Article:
- As you become more experienced as a healer, you will find that, in cases where you are running out of mana or when multiple individuals are taking damage at once, triage is necessary to avoid complete group wipes. Although your primary goal should always be to keep everyone in your group alive, at some point in your healing career you will be in situations where you can not possibly save every individual in your group. In such a case, it is imperative to know which individuals are essential to the survival of the group. Remember the tank and yourself will usually take first priority for heals unless you have another individual who can readily take the place of healer or tank should one of you die. Classes providing CC capabilities are next most important with pure damage classes being of less use in most instances. Try to also take notice of the amount of available mana a class has since this can have a large effect on their usefulness in a fight. For instance, a mage with no mana will be doing very little damage, while his low armor and health make him difficult and mana intensive to heal should he be under attack; as such if you are nearly out of mana you may be forced to allow him to die in order to ensure you will have enough left to keep the tank alive. Keep in mind that decisions such as this are for the direst of situations and you should always strive to keep all party members alive if at all possible.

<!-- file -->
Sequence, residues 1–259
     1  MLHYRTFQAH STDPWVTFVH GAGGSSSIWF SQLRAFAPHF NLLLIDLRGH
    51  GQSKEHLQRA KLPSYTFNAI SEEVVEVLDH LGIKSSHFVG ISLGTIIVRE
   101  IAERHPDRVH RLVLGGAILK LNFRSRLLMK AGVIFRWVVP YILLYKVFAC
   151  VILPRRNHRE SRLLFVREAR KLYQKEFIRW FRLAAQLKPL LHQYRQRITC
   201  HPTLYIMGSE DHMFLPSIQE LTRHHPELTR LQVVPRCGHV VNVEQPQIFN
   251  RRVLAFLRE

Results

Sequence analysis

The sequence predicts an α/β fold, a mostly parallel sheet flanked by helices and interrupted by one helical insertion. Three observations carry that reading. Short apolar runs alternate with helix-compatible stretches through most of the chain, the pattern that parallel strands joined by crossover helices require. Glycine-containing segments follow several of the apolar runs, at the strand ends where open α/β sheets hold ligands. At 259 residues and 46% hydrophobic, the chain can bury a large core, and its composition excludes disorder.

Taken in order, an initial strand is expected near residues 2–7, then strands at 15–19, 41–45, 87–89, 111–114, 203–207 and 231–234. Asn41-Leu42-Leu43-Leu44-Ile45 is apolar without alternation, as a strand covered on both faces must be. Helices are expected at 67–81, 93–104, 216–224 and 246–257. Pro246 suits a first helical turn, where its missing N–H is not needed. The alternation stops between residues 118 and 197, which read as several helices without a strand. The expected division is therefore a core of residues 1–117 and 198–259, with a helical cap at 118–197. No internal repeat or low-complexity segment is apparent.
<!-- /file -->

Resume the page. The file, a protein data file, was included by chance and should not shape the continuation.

What Healers Want Others to Know
- Healers need to take a mana break from time to time. Don't become impatient and run off to another collection of mobs before mana is allowed to regenerate.
- Also, healers are often forced to prioritize party members to ensure overall survival. If a damage-dealer and a tank both require attention, chances are the tank will be seen to first. Please try not to take it personally.
- Save me! At times it may be essential to take one for the team. Your healer and your tank *should* be doing all they can to give you (the DPS) opportunity to unload on a specified target. Sometimes (additional enemies, threat dropping mobs, etc...) may make this difficult. Understand that, while there may be repair costs involved, ending up without a tank or healer (being that there is only one of each in a 5-man, and they are yet more important in a raid setting) is a VERY bad thing. If you have the means to keep one or the other alive by taking the beating... it may be worth it overall. Odds are your Healer will be so grateful you'll make it through the thick and the thin to save the day!